Leasehold property ownership – a hot topic

There have been proposals by Labour and the current Government, which may result in the granting of leasehold to be prohibited in relation to newbuild houses.

If you own a freehold property, you will own the property and the land upon which the property is built. If the property is leasehold, the freehold of the property is owned by the landlord, with the landlord granting the tenant the right to occupy, let and use the property/land for certain purposes over a fixed period of time. Typically for 90 – 120 years.

Recently, the ownership of leasehold property has become controversial, as many tenants have encountered issues in relation to the level of ground rent they pay, the premiums they may be asked to pay in order to extend the term of their lease and also in relation to the restrictions they have to abide by.

There are many leasehold terms which are reasonable, and which work well long term for both landlords and tenants. These include ensuring that properties, particularly flats, are insured effectively, that service charge payments are split proportionately, and that the interests of neighbouring flat owners are protected in relation to future works and also any issues regarding noise and use of the property.

Prior to embarking upon the purchase of any leasehold property, it is crucial to ensure that you are clear about the following:

Ground rent

Historically, ground rents have been reasonably low. However, recently, the ground rent charged on leasehold houses have been fairly high, with provisions doubling the rent every 10 years or so. Ensure that you think about the level of ground rent to be charged in the future. You don’t want to be caught out on a future sale.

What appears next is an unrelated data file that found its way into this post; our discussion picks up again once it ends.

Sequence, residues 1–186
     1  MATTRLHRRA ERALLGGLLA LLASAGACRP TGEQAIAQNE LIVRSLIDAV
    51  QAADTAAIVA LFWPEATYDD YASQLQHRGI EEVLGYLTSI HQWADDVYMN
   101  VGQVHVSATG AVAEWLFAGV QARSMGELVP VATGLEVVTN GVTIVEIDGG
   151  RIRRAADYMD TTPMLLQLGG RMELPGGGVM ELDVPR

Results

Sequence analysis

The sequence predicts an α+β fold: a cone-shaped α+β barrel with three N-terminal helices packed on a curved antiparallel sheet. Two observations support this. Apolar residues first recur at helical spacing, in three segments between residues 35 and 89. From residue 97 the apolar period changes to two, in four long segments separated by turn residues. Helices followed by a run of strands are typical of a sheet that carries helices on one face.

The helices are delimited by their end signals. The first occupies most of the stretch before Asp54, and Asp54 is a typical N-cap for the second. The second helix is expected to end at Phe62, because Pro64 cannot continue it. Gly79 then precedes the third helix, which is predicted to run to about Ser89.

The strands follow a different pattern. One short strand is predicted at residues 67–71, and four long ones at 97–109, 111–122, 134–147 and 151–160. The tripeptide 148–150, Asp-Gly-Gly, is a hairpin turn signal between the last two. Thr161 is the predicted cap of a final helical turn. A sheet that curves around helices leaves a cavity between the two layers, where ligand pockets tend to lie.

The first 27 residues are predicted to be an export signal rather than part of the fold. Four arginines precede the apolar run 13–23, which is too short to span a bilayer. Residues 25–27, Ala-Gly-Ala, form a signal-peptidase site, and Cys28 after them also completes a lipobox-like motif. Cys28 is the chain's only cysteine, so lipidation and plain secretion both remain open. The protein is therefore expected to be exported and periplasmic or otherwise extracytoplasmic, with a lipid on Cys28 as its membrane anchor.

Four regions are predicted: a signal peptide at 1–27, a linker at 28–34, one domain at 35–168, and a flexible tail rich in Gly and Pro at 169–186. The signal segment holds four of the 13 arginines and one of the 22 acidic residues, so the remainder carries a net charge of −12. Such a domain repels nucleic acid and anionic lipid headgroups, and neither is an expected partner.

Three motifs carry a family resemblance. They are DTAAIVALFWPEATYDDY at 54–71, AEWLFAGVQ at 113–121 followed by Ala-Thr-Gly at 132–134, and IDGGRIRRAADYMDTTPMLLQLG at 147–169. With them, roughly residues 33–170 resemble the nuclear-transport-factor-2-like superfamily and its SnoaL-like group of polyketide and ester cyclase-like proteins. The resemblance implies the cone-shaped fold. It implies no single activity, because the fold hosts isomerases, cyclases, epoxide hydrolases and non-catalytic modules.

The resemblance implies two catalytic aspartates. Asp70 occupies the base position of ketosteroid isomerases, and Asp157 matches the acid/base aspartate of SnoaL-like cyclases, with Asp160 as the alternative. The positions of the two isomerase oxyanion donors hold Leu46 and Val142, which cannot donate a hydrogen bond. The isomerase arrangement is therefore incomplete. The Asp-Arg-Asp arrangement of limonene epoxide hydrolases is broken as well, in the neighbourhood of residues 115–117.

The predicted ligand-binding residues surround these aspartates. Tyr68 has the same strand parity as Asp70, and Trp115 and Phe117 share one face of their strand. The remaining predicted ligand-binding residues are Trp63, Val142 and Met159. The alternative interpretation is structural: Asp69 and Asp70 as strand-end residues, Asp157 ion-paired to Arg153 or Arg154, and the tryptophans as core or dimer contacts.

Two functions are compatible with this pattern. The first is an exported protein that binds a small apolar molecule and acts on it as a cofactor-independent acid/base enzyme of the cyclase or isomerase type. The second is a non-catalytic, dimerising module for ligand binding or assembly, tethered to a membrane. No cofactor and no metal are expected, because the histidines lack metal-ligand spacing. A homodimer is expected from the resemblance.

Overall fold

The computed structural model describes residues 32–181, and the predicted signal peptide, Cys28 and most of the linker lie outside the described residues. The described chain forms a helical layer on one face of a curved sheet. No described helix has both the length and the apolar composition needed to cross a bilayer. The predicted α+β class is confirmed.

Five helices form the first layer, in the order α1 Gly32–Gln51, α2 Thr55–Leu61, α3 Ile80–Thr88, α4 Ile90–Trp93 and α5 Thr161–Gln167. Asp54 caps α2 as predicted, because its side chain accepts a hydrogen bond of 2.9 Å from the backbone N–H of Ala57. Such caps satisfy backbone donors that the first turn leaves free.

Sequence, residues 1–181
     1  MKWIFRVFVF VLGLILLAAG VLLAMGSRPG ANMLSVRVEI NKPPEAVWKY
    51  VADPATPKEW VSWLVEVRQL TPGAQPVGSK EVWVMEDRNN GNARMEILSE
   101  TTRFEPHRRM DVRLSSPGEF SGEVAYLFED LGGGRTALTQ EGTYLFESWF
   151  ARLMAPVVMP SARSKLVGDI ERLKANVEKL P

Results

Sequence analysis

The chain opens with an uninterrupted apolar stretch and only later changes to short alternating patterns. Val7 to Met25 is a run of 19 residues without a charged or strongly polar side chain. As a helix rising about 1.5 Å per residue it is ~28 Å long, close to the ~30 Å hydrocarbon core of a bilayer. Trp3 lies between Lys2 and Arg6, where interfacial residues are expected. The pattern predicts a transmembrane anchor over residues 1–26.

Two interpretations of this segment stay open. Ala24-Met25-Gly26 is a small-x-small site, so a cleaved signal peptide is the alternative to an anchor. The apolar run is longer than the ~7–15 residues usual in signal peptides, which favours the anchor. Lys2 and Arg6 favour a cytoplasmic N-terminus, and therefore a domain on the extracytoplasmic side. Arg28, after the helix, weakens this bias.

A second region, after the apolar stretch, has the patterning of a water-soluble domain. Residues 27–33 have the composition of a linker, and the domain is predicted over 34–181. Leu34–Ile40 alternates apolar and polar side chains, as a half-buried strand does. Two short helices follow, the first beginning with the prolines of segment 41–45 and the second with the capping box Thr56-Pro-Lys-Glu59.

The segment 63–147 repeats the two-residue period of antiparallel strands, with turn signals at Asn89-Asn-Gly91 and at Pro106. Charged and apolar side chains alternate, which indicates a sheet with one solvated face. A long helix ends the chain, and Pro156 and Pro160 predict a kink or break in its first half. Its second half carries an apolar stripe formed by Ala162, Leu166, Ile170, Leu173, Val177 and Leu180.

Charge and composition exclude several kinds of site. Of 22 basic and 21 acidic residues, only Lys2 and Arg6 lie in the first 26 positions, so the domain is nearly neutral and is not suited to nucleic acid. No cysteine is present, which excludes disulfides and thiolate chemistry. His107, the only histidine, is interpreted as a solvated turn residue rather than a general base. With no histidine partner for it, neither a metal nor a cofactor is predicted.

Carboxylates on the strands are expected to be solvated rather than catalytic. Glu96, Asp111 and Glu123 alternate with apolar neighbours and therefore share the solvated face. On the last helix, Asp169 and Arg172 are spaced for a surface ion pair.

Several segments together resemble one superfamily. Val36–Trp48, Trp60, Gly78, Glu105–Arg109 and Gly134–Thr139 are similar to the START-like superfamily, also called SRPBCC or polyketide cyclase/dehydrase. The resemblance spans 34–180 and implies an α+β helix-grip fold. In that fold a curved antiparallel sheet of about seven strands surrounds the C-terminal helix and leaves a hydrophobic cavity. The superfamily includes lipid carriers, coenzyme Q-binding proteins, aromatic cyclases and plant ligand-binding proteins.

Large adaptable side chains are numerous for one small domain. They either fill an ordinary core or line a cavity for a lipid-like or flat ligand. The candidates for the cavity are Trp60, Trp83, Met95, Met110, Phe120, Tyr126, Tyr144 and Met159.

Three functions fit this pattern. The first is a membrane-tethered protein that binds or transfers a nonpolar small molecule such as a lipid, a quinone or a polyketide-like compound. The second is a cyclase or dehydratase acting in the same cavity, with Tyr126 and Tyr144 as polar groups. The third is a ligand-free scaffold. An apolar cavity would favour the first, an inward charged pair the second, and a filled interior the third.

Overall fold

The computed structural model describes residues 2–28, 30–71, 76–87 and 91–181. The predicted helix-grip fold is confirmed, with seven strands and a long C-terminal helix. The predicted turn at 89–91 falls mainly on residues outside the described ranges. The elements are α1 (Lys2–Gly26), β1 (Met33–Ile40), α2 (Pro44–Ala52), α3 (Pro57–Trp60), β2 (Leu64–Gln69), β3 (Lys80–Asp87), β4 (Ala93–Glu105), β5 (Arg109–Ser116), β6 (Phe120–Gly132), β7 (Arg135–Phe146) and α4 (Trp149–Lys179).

Extending your lease term

A leasehold property loses value once the term of the lease reaches 70 years or less. The cost of extending the term of the lease can vary considerably, in relation to the premium to be paid. Also, the leaseholder generally pays both their own costs and the freeholder costs. Therefore, leaseholders need to ensure that the lease term is in excess of 70 years.

Consents

Prior to purchasing a leasehold property, whether it be a flat or a house, think about what your future plans will be. This is in terms of any alterations or extensions you may wish to make. Many leases state that the freeholders consent is required for internal and external alterations, with a fee payable for obtaining this consent.

The Law Commission has considered whether leasehold could be replaced by commonhold. This is a system where the owner of a flat in a block holds the freehold, but becomes a member of a company which owns and manages shared areas.

However, there are currently 4 million existing leasehold properties in England and Wales, and so leaseholders do need to be vigilant in ensuring that they understand the lease terms and there are no nasty surprises.

Sarah Barnes is a partner and heads up the residential property team at regional law firm Napthens.